When is surplus the right choice for manufacturers?
Answering this question begins by looking at the current state of the global supply chain and how it has changed since the COVID-19 pandemic. Current times have been a constant challenge to the supply chain. Before the COVID-19 pandemic, things worked very differently from the state of today’s supply chain. There are product restrictions, material shortages, and obsolescence for aging equipment that require servicing and maintenance. As a result, doing business as a manufacturer can be a challenge for even the most agile of operations. How can these challenges be overcome to keep a manufacturing operation running smoothly and efficiently? The answer is often surplus equipment and parts.
What is surplus? Surplus is inventory that is taking up space and is not being utilized in the manufacturing process. Surplus storage can be one of the greatest costs that a manufacturer incurs as part of their operations. There are companies, such as Radwell International, who will purchase equipment and parts from manufacturers when these parts and equipment are no longer being utilized. Selling existing equipment that may be sitting around gathering dust has many benefits for the seller. Let’s take a look at a few key benefits for those selling their excess equipment as well as for those manufacturing operations that need to purchase surplus parts to stay up and running.
For starters, selling unwanted and unused equipment frees up valuable space. In distribution and manufacturing, space is always at a premium. By selling unwanted equipment, an operation can make room for storage or for additional manufacturing equipment that can benefit their operation and produce an additional revenue stream.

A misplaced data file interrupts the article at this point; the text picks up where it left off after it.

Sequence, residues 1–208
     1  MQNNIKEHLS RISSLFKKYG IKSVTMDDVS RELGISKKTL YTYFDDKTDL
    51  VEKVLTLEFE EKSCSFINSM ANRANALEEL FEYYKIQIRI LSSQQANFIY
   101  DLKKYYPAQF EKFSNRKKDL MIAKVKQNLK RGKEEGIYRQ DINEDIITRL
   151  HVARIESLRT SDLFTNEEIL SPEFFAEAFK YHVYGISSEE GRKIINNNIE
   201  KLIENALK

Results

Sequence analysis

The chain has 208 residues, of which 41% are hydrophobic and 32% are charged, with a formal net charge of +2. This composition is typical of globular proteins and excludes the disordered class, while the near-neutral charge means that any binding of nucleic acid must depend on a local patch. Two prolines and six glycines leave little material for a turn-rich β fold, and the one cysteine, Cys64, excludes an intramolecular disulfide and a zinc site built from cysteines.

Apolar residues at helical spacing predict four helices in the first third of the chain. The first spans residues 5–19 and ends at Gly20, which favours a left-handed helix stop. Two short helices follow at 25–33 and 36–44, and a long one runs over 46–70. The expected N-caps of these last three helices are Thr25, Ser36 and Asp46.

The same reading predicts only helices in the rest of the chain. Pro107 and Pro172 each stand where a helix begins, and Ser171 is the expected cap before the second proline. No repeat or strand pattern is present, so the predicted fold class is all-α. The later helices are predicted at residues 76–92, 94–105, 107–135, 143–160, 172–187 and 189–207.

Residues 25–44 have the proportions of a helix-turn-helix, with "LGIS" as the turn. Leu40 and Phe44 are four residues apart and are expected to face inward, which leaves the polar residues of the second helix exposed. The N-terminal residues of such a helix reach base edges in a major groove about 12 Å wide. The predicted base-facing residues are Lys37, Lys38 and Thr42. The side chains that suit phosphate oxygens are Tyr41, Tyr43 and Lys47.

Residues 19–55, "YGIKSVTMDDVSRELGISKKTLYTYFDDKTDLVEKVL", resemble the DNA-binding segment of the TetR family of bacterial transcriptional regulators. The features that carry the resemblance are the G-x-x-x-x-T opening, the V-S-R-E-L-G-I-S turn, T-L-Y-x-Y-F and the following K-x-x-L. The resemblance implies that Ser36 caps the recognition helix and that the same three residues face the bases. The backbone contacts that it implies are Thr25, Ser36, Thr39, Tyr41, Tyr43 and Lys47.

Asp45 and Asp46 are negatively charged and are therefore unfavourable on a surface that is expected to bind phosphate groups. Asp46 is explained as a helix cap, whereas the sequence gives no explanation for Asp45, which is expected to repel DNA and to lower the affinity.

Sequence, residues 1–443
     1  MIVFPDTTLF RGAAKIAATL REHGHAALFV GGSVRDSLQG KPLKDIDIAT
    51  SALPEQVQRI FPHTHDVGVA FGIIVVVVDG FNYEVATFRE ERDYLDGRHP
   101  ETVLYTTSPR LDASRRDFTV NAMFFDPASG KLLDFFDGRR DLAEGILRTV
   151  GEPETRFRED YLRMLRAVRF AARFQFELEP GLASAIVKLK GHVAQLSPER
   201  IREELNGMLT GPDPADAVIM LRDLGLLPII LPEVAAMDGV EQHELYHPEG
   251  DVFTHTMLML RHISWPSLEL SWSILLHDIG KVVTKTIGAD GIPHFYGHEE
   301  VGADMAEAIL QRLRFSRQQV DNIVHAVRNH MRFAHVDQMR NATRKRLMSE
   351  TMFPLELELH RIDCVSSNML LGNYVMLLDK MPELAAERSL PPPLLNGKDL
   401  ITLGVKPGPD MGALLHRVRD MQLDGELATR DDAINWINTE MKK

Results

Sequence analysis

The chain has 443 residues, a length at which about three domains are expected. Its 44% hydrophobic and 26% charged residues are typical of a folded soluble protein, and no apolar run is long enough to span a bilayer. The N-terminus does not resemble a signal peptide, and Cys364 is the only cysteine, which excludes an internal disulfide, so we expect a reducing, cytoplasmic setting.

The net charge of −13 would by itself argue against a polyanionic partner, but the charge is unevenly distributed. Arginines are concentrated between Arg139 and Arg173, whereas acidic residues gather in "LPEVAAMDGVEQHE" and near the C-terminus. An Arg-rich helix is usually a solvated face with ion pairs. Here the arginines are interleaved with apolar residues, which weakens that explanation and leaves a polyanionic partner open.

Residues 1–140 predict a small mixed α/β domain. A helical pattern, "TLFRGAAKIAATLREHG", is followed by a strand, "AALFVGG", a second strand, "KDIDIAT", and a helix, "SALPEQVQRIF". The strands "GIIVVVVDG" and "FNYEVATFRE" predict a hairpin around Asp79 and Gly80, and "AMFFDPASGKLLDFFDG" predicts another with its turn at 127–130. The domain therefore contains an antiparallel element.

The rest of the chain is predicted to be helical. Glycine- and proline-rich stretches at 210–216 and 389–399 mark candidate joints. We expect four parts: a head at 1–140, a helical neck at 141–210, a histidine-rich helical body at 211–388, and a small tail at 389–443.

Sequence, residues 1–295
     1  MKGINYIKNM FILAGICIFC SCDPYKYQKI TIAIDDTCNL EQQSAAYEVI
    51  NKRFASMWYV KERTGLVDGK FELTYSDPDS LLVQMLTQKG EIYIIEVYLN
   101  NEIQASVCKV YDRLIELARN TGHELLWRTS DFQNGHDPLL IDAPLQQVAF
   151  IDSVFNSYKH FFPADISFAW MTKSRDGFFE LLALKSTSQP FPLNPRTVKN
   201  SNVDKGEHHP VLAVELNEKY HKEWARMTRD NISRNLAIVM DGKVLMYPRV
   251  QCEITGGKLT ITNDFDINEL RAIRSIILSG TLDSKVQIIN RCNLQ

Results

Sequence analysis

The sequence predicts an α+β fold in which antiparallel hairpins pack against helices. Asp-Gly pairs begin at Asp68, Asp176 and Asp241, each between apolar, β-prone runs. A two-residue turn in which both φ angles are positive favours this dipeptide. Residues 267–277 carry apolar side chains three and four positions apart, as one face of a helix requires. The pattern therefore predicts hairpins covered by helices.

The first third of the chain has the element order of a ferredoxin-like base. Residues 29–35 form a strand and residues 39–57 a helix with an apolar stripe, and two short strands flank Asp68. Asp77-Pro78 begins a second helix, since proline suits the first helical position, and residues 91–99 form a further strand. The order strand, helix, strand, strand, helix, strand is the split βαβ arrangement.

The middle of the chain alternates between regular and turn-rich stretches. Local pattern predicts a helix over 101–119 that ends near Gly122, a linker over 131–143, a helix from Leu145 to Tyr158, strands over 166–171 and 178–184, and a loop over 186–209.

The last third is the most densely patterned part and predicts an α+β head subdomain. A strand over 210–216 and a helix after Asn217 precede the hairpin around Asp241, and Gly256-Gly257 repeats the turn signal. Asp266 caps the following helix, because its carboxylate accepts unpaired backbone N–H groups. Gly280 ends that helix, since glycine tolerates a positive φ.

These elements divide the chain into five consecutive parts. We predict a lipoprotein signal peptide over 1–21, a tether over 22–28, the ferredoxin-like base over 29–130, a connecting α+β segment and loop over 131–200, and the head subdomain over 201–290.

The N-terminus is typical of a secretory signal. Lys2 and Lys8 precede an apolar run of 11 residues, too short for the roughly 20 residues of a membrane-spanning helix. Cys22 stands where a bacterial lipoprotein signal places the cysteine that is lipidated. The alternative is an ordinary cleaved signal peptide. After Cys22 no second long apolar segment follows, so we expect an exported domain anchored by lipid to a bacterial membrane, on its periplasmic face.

Selling unwanted equipment can also make the seller some extra money. Perhaps an operation has recently upgraded their equipment. After an upgrade, selling unwanted equipment can be a great opportunity to make some extra money to offset some of the upgrade cost. Selling unwanted or unused items doesn’t just free up shelf space. It also returns some value to no longer needed assets.
Another benefit for the seller is the knowledge that by selling unused parts and equipment, the seller is supporting a green approach. Selling has a positive impact on the environment. When a seller sells their equipment, they are supporting the reuse of equipment instead of filling landfills. This equipment can help other plants continue to run while having a positive impact on the environment.
Some operations may not sell excess equipment but instead, they may purchase surplus. Surplus is a benefit for operations that have older equipment. By choosing surplus, a company may find parts that are no longer available to purchase new. This can help a plant remain up and running without having to spend significant money to upgrade existing equipment. Surplus is also a great option when repairs may not be available or may be cost prohibitive. By choosing to buy surplus from a vendor who resells surplus items, such as Radwell International, buyers can save 50-90% on parts and equipment.
The benefits for those who sell their excess equipment as well as those who buy that equipment are significant and impactful. Whether a manufacturer is selling excess equipment or trying to maintain their older existing machinery, choosing surplus can be a very cost-effective option. In today’s business climate, when parts become obsolete or limited on a regular basis, choosing surplus as a solution may be the best choice to keep a plant operating in a cost effective and efficient way.
To learn more about how Radwell International can assist you with your surplus needs